Print
Let's Get Cookin'

How to Make Sauerkraut

Making your own healthy and delicious sauerkraut at home is easy and economical. This is the perfect recipe for beginners and using a jar rather than a crock allows you to see the transformation from cabbage to kraut.

  • Author: The Real Food Dietitians
  • Prep Time: 1 hour
  • Total Time: 1 hour
  • Yield: ~3 cups
  • Category: Condiment, Fermented Food

Ingredients

  • 1 1/22 lbs. fresh cabbage, organic whenever possible
  • 1 1/22 tsp. sea salt

Instructions

  1. Rinse cabbage in cool water. Remove the coarse outer leaves and discard. Remove and rinse a few unblemished leaves and set them aside. Rinse the cabbage again in cool water and place on cutting board.
  2. Using a large knife, quarter the cabbage and remove the core. Thinly slice the cabbage with a knife or mandoline slicer then transfer cabbage to a large bowl.
  3. Add 1 teaspoon of the salt and, with your hands, massage it into the cabbage. When the cabbage starts to look wet and shiny, taste it. You should be able to taste the salt without it being overwhelming (in other words it should be a little salty but still taste good). Add more salt, a little at a time, if needed to get that ‘salty but not too salty’ flavor and a good amount of brine. Continue to massage until the cabbage becomes wet and limp and brine begins to pool in the bottom of the bowl. When you can squeeze the cabbage with two hands and the brine runs freely into the bowl, you’re ready for Step 4. If you’ve put in a good effort and don’t have much brine, cover the bowl and allow it to sit for 45 minutes. Massage again until the liquid runs freely when you squeeze a handful of cabbage in your hands.
  4. Transfer the cabbage to a clean 1 quart mason jar or crock a few handfuls at a time, stopping to press the cabbage into the bottom of the jar using your hand to work out any air pockets before you add more cabbage. Repeat this adding and pressing until all of the cabbage has been packed tightly into the jar. You should have some brine on top of the cabbage once it’s all been pressed into the jar. Leave 2-3 inches of headspace in the jar so you have enough room for the next step. If you have too much cabbage, place some in another clean jar (yeah for extra kraut!) to make a second batch.
  5. Place the zip-top freezer bag into the jar and use your fingers to spread it out so that it covers as much of the cabbage leaf as possible. Fill the bag with cool filtered water and seal it while pressing out as much of the air as possible. Tuck the top of the bag into the jar. If using a lid with an airlock, screw lid on tightly, fill airlock to ‘Fill’ line with water and snap airlock cap in place. If not using an airlock, very loosely screw lid onto jar (so that gases created during fermentation can escape) or cover with a clean kitchen towel.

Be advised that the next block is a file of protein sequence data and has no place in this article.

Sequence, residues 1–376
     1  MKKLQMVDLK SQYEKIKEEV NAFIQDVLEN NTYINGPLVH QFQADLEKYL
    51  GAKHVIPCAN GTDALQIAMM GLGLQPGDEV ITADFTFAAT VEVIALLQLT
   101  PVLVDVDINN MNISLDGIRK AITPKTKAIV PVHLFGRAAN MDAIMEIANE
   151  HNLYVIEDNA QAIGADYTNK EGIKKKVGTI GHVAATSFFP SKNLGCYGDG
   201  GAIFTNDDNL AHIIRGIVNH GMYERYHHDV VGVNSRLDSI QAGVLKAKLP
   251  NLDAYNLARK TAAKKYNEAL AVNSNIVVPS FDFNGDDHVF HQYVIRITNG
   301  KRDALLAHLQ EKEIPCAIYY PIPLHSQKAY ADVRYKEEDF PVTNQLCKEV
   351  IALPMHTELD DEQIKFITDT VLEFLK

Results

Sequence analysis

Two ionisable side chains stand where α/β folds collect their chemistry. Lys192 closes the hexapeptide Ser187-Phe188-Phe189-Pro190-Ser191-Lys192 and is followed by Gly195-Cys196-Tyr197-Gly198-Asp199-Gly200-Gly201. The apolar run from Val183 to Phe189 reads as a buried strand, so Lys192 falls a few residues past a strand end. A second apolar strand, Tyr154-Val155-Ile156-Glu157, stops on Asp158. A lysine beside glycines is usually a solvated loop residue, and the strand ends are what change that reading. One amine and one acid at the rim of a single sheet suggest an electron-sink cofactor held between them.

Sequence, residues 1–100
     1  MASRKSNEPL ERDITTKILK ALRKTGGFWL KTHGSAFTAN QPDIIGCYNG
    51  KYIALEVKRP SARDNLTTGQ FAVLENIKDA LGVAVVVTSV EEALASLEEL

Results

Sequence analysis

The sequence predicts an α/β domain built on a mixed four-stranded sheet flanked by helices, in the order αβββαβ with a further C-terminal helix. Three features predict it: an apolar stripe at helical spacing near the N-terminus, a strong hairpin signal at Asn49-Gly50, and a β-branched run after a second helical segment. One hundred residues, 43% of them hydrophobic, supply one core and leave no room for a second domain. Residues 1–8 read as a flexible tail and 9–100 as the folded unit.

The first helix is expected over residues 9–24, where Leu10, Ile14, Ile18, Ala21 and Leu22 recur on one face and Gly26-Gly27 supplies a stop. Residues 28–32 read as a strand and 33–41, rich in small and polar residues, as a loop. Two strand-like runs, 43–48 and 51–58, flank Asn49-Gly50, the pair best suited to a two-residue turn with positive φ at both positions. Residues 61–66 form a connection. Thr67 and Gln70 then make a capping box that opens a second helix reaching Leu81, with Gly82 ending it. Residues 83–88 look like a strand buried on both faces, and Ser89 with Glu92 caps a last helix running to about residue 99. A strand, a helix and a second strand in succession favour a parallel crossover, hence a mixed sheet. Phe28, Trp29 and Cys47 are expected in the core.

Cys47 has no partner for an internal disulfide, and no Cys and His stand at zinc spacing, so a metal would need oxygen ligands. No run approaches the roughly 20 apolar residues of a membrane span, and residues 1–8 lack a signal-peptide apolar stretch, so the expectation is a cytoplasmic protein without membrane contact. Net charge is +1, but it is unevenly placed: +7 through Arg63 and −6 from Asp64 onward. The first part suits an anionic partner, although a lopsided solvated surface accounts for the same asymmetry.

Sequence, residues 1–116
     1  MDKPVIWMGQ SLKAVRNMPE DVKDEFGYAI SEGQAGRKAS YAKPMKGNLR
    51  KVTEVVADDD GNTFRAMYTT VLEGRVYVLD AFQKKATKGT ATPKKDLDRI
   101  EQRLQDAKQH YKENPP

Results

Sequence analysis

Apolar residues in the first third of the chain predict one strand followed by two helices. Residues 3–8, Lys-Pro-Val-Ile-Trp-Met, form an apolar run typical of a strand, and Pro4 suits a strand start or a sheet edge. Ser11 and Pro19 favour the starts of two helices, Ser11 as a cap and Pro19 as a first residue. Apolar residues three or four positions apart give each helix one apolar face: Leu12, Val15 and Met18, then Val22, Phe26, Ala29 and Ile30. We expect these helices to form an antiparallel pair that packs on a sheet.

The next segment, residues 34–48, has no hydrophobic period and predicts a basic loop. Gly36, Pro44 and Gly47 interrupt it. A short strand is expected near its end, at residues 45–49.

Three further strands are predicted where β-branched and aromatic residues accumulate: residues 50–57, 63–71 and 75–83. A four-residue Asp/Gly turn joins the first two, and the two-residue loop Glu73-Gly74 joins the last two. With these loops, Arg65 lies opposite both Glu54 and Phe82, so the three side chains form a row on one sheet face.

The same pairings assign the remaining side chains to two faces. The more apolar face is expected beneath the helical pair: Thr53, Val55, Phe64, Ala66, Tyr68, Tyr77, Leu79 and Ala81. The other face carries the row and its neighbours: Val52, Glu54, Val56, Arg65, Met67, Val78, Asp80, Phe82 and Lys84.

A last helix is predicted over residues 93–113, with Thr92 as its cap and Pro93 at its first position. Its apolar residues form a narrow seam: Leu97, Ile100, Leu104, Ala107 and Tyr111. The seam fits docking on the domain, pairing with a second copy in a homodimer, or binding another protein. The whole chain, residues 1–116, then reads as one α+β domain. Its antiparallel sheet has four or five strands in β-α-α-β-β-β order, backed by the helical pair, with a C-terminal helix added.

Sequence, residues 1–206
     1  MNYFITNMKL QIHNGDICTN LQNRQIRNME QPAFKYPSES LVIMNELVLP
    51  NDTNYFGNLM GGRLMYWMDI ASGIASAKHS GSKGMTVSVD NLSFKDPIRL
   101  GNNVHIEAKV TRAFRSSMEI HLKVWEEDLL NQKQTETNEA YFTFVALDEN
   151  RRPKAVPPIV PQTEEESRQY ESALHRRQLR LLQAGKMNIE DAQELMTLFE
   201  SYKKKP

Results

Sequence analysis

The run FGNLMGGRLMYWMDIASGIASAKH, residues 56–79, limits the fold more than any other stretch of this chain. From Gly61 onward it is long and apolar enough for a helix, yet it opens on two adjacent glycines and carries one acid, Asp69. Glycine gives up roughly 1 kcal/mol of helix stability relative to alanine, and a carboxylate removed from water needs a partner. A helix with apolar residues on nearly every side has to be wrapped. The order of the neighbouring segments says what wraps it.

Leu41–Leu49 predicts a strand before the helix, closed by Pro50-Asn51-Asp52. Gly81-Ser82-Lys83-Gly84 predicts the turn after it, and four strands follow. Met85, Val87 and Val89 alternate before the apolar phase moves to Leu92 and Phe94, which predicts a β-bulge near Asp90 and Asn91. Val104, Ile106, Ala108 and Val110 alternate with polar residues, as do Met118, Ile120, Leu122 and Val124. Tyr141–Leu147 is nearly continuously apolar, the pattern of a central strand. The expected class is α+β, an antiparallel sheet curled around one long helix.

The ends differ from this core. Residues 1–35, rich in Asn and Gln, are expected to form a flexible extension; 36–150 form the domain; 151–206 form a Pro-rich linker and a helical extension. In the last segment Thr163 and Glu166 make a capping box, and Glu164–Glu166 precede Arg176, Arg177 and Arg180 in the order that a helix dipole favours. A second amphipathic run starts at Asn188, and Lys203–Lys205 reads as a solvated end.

6. Place vessel on a baking sheet or pan out of direct sunlight and cool (55-75℉) to ferment for 4-14 days. Dark is best but it needs to be somewhere where you won’t forget about it! Check your ferment daily to be sure everything is under the brine. Remember: “If it’s under the brine, everything’s fine!”
  7. If you see air pockets or notice that the brine is not completely covering the cabbage, carefully remove the lid and zip-top bag and with clean hands, gently press the cabbage down to return everything to below the brine.
  8. Taste test your kraut starting at Day 4 by carefully removing the bag with clean hands. Use a plastic or wooden fork to gently push the cabbage leaves aside and remove a small taste. It’s ready when it has a pleasing pickle-y flavor without the strong acidity of vinegar, the cabbage has softened a bit but retains some crunch and the cabbage is more yellow than green and slightly translucent (like it’s been cooked). If it’s not ready, rinse the bag under running water and carefully place it back in the bag so that all of the cabbage is below the brine. Taste again in another day or two to see what you think.
  9. When it’s pleasing to your tastebuds (and/or less than a pH of 4.6 as measured with a pH strip), skim off any scum from the surface and transfer your finished kraut into clean glass jar, tamping it down with your clean hand, a tamper or handle of a wooden spoon. Pour any leftover brine into the jar. Optionally, top with a small circle of parchment paper by lightly pressing it onto the surface. Tighten the lid then refrigerate for up to 6 months to 1 year.

Notes

All photos and content are copyright protected. Please do not use our photos without prior written permission. If you wish to republish this recipe, please rewrite the recipe in your own unique words and link back to the source recipe here on The Real Food Dietitians. Thank you!